I wanted to keep printing after graduating but obviously you need a way to fund it, so it made sense for me to create my own brand as I knew I didn’t want to design anonymously for another company.”
What would you say is your biggest challenge as an artist?
KJP: “For me, I think a big challenge is building a platform for your work and really establishing your own style. I only recently realised how many people are quick to jump on a trend and change their style to go with what’s popular... It can be a little disheartening and I know Instagram has a lot to do with it. It’s like fast-art?
But I suppose the main issue is trying to support yourself, especially so early in your career. In London, I was working as a supervisor in a restaurant and then screen printing before and afterwards and on weekends. I never had a proper day off in the two years between graduating and moving to Stockholm. Last year, I was asked to create a series of screen prints for an installation at the V&A museum, and I almost had to say no because I didn’t think I’d be able to do the work alongside my job and shop orders, which felt awful!
People think I’m ‘so lucky’ now because I’ve opened a print studio in Stockholm and that I’m just doing what I love all the time — which is true. But it’s so different when there’s a real financial pressure to make your work a success.”
What would you tell young people who are still figuring out how to make a career out of their creativity?
KJP: “I would say to explore as much as possible, find something you love and stick with it. Find work that inspires you, but make sure you’re not directly copying anything — I’ve had work copied and it’s not a nice feeling at all.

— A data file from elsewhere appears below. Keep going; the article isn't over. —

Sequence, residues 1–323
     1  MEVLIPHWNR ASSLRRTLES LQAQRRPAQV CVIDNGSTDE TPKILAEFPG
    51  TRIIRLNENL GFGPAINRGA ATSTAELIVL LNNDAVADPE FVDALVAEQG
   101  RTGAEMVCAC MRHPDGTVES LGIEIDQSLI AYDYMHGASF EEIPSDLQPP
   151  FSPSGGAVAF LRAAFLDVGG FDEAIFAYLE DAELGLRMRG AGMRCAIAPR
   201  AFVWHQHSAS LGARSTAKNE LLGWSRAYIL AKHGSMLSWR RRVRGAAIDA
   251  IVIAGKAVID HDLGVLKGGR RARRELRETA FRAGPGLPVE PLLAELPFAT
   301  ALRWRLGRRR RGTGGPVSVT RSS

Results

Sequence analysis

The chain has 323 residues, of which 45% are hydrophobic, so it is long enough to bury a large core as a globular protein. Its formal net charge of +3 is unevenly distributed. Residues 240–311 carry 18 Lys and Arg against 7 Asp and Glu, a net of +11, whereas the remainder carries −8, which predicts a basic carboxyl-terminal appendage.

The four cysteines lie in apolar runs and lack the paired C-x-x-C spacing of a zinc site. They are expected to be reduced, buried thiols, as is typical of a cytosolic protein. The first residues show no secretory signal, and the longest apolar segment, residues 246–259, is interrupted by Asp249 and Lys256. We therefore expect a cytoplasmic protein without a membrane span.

At the same time, don’t put too much pressure on yourself! Social media is the best at making you feel bad and compare yourself to others, even though it’s a great tool for getting your work out there. Creative careers are like any other career, a few lucky people will get their dream job straight away but the majority of us have to work our way up gradually.”
How have you found a balance between creating art for yourself, but also creating work to sell?
KJP: “I have so many collages and scribbles that no one has ever seen, just little things I put together when I feel like it — they’re not even up around my desk with all the other ones. I don’t think I put pressure on myself to create, all of my work is originally made just for me and if I make an idea into a screen print, it’s usually after I’ve been staring at it for a while and I just feel like I want to reproduce it to share with others. Obviously, there are some ideas that you think will be more successful with your audience, but as long as you don’t change your style to please others then I think ultimately you’ll always be creating for yourself.”
What does creating do for you?
KJP: “I think about how I first started getting into art and design at college, and I’ve realised now that I loved it so much because it was a distraction from things that were going on in my life. When I was 15, my eldest brother died in an accident shortly after my parents divorced (badly), and I felt like I didn’t really have a lot to show for the couple of years that followed. I’m always wondering if I would still be doing this if those things hadn’t happened, so being able to create feels like a really amazing thing that came from a pretty horrible time.
It makes me feel good when a piece just ‘works,’ and all I’ve done is put some shapes and colours together in a pleasing way. I love how it can feel effortless but also very considered, and then when other people like it, I feel like I’m doing something right.”